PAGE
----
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January 30, 2014

Man sits 2 weeks in jail before hearing

State statute requires an initial hearing happen within 72 hours

JEFFERSONVILLE — A New Albany man sat in jail for two weeks before ever being brought before a judge to hear allegations that he violated terms of Clark County’s Drug Court Program.

Nathan Clifford, 40, was booked into the Clark County jail Jan. 16, and his due process rights were violated by not going before a judge until Thursday, says Jeffersonville attorney Nathan Masingo.

Masingo gave Clifford, who was released from jail Thursday, pro bono representation during the hearing in Clark County Circuit Court No. 2 with presiding judge Clark County Magistrate William Dawkins.

State statue requires that someone incarcerated be brought before a judge for an initial hearing within 72 hours of incarceration, excluding Saturdays, Sundays and legal holidays. According to court records, Clifford was scheduled to appear for his initial hearing Feb. 13 — only days short of one month of incarceration.

“They have 72 hours, but they continued to hold him without a bond or bringing him before the court to let him know why he was here,” Masingo said. “It is the court’s duty to bring him up and notify him of his rights as well as the reason for his incarceration. They did not do that.”

Masingo said it was Clark County Circuit Court No. 2 personnel who sets the court calendar, and he said he doesn’t know why Clifford’s initial hearing was scheduled a month after his initial incarceration.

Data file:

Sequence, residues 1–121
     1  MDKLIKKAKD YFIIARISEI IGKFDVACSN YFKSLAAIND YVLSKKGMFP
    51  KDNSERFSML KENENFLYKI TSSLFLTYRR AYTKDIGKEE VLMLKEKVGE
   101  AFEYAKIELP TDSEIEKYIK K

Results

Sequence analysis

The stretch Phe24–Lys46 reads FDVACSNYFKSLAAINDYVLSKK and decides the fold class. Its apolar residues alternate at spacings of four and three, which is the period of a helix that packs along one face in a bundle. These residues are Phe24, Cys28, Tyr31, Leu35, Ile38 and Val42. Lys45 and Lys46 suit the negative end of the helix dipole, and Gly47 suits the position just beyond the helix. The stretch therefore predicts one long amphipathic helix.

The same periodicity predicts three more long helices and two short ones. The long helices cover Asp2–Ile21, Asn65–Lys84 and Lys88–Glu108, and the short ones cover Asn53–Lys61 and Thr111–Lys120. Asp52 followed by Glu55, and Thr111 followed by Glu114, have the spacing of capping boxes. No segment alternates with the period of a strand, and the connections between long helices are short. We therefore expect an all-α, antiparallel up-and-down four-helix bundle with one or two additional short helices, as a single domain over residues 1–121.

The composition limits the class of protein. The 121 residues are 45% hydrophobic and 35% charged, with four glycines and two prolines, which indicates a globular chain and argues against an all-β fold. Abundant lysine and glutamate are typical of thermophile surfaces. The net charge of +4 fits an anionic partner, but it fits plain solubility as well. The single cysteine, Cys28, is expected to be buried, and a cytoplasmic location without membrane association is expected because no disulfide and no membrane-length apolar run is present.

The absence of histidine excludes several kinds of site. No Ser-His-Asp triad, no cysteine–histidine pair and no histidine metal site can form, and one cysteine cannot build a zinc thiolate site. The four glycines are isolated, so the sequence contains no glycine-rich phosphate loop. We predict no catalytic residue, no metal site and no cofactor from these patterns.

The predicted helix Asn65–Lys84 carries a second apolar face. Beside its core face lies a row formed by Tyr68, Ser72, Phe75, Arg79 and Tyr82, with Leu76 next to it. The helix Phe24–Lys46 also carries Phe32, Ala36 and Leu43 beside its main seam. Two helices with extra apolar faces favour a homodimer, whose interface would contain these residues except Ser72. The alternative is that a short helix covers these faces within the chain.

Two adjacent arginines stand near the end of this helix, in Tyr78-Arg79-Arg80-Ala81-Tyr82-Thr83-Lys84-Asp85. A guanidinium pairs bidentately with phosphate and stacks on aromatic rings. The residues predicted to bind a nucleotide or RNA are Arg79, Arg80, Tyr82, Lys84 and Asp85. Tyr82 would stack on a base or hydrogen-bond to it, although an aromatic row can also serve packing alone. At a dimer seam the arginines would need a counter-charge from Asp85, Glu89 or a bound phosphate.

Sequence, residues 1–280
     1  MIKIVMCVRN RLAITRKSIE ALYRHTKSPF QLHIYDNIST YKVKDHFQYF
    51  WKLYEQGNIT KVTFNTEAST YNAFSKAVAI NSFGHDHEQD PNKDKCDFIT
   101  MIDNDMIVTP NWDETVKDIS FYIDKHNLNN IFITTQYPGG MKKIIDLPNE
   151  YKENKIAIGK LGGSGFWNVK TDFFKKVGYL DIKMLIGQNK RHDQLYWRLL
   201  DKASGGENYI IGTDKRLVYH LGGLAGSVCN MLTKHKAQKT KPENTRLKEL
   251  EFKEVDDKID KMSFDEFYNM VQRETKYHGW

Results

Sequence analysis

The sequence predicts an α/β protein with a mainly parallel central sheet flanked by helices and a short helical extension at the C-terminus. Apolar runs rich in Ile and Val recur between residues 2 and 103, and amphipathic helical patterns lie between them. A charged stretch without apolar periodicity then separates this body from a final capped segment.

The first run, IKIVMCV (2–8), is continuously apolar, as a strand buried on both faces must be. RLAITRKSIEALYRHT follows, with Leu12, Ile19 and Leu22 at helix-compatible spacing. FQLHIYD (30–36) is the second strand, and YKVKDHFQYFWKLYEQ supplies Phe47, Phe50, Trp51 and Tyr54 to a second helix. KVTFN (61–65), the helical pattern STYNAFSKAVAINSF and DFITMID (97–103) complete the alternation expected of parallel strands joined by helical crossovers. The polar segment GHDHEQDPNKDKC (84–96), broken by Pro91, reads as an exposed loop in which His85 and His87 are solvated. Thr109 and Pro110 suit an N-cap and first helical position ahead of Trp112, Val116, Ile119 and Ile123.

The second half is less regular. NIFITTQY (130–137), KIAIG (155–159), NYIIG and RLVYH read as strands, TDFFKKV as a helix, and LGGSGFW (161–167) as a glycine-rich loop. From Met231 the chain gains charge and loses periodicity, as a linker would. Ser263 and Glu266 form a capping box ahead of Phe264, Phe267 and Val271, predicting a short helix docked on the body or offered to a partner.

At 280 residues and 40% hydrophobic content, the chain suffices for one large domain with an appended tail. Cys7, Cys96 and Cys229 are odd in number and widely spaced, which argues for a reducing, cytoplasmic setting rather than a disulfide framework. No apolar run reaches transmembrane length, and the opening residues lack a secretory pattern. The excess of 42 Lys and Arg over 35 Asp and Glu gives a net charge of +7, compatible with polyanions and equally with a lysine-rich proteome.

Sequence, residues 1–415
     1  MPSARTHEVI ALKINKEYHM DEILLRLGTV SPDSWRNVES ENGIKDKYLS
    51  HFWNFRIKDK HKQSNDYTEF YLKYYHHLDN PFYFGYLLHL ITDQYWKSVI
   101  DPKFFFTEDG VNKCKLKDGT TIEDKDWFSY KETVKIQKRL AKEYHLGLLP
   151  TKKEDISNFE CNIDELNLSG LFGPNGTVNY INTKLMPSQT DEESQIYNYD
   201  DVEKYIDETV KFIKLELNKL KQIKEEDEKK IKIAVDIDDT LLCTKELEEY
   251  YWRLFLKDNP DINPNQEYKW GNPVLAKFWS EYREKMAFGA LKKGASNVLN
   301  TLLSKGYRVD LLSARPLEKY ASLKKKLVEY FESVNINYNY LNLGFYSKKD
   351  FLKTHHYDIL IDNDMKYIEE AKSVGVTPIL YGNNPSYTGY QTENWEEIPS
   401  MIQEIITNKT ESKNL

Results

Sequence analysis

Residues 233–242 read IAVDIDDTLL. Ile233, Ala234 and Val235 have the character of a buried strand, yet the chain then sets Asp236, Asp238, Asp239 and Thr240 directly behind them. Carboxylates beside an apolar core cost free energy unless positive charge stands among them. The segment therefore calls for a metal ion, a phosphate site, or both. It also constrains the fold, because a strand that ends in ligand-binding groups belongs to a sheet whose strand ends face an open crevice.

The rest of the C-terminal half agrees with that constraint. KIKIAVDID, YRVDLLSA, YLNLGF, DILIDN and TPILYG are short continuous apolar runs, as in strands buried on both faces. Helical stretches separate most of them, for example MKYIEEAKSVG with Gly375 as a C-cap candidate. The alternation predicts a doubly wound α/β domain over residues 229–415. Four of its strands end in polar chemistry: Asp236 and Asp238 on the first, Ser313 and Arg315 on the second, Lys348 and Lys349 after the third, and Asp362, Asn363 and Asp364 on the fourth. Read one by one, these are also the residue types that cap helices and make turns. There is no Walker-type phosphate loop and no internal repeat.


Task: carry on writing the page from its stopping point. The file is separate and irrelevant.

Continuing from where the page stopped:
“I can’t explain it,” he said. “My office contacted the court this morning and demanded he [Clifford] be brought up today so we could, at least, establish a bond for him, if nothing else.”

Masingo said he only became aware of Clifford’s incarceration after he received a concerned phone call from Clifford’s father of his son’s extended jail stint.

“Once I reviewed his case, I found out that he was still sitting in jail, and had been, beyond the time allowed for the court to bring him up, and he sat there without a bond,” Masingo said.

Controversy has grown around Circuit Court No. 2 and its judge, Jerry Jacobi, after two former participants of the drug court program, which Jacobi oversees, were released from the Clark County jail last week after being held for months longer than their scheduled sentences. The two were released after the Clark County Prosecutor’s office discovered the error.

Others, with Clifford being the latest, have come forward and are considering civil complaints against the court.

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